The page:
The rule states that, in order for a given brand of butter to be sold in Wisconsin, it must first go through a careful evaluation by a panel of "experts" that decides whether or not it meets 32 "quality points," which must align with official state standards for butter production. If a butter brand does not receive the green light, it is basically prohibited from being sold under threat of civil punishment.
This strange law gradually faded into obscurity as Wisconsin quickly rose to become a dairy leader. But now that more and more people are choosing exotic butter brands from grass-fed sources, Kerrygold being among the most popular, overzealous bureaucrats have taken to the offensive to stifle competition and keep people buying butter from American sources, and especially from Wisconsin.
Because many more people today ascribe to "paleo," ketogenic, and other similar dietary protocols that involve eating high amounts of healthy fats, butter has grown in popularity by leaps and bounds. One popular trend that's picked up in recent years involves adding coconut oil and grass-fed butter to one's morning coffee, for instance, a healthy pick-me-up beverage known as "Bulletproof" coffee that's been iconized by the Bulletproof Exec company.
Since a Bulletproof coffee specifically requires grass-fed butter, foreign sources like Kerrygold have really taken off. This is primarily due to the fact that many domestic brands of butter aren't grass-fed, and thus don't provide the same health benefits. And rather than simply produce more grass-fed butter domestically to meet growing demand for this "superfood," Wisconsin regulators are instead trying to "crack down" on the competition by prohibiting its sale.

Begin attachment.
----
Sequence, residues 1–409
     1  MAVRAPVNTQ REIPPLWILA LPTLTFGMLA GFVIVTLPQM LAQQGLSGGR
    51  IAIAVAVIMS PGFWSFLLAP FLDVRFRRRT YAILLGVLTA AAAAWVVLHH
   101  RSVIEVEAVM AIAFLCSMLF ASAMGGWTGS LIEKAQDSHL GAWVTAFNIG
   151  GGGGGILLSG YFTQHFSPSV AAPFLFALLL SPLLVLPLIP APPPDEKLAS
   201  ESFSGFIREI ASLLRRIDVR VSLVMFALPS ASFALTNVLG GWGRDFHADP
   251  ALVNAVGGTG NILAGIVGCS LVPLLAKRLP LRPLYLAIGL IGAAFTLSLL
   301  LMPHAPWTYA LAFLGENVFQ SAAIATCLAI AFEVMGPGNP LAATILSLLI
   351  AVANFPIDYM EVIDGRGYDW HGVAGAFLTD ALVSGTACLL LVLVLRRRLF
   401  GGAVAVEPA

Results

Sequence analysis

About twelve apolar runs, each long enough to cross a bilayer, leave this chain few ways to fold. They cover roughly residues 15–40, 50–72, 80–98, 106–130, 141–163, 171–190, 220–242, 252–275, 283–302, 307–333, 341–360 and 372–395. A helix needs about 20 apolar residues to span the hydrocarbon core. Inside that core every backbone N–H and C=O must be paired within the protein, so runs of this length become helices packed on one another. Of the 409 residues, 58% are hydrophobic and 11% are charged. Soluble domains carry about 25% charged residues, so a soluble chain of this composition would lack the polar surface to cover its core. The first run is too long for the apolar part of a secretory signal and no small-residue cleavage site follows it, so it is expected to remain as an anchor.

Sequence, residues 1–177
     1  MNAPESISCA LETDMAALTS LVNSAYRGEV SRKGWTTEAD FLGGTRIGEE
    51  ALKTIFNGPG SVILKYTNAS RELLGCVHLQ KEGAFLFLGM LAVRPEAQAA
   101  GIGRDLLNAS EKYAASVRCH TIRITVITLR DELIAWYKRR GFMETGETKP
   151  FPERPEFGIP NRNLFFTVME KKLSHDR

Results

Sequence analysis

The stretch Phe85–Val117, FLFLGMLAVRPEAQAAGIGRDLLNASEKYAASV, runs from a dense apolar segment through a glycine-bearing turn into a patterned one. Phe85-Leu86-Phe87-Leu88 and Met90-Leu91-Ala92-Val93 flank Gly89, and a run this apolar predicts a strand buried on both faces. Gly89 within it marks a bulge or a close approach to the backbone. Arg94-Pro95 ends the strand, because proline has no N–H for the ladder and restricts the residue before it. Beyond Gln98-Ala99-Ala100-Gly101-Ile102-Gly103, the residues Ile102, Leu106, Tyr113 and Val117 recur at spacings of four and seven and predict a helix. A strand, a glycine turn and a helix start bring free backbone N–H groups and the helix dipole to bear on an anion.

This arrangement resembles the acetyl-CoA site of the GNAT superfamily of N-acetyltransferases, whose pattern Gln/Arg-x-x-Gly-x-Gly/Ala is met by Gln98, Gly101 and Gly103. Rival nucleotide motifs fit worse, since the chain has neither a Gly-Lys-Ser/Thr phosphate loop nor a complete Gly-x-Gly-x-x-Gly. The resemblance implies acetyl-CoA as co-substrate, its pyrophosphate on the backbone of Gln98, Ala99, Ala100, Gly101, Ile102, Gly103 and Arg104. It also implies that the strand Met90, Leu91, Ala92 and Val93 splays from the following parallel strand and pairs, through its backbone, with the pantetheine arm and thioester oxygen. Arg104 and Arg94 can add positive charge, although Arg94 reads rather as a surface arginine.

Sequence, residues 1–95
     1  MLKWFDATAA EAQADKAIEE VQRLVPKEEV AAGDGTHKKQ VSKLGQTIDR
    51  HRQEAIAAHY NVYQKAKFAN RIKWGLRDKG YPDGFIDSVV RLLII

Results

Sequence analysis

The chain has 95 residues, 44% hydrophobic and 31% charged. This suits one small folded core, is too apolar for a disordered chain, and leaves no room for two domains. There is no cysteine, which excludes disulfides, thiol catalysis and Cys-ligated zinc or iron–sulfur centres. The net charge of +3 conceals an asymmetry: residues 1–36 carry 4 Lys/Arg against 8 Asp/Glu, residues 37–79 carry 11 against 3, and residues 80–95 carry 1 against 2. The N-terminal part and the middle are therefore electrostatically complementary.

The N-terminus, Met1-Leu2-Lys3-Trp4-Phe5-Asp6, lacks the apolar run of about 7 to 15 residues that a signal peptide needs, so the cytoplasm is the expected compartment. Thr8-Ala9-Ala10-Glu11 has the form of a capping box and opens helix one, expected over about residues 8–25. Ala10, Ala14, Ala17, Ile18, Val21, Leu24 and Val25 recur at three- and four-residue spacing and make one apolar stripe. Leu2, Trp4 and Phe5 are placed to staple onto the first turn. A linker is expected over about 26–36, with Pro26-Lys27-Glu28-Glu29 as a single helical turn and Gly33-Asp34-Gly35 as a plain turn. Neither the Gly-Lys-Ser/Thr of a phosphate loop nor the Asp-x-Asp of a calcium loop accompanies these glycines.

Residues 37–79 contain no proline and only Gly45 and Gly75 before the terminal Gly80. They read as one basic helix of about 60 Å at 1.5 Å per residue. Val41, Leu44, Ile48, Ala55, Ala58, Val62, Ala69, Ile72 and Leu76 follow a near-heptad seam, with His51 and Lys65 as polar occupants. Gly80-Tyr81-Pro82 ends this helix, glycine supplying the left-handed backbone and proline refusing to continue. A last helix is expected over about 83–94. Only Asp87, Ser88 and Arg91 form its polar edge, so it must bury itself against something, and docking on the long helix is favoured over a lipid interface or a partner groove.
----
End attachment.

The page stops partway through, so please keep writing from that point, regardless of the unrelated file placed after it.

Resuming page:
"Since Kerrygold is based in Ireland, its products do not go through the same regulatory processes as American products," writes Brittany Hunter for Natural Blaze. "Without an official American-issued quality grade, the nanny state of Wisconsin is refusing to allow this butter to be sold on its grocery store shelves, despite overwhelming consumer demand."
Naturally, many people in Wisconsin are outraged over this obstruction of personal freedom. There's absolutely nothing wrong with Kerrygold butter, after all, and it is, in fact, one of the better brands to choose from when it comes to getting clean butter from pastured animals. Wisconsin's regulatory officials know this, but they would rather go after Kerrygold than do the right thing because doing the right thing would force Wisconsin's butter producers to up their game and improve quality.
So for the time being, Wisconsin residents like Jean Smith, who makes her own Bulletproof coffee and tea, will be forced to drive across the border to states like Illinois and Michigan to get Kerrygold grass-fed butter. She certainly isn't going to find any more of it in Wisconsin, especially now that those caught selling it could face a fine of up to $1,000 or up to six months of jail time.
"I just think it's a little goofy that this exists and I can get it in any other state that I travel in and I'm hauling Kerrygold back in my suitcase and my coolers," Smith told reporters. "I feel suspicious. Who are you really trying to protect here? Are you protecting the consumers, or are you protecting Wisconsin dairies?"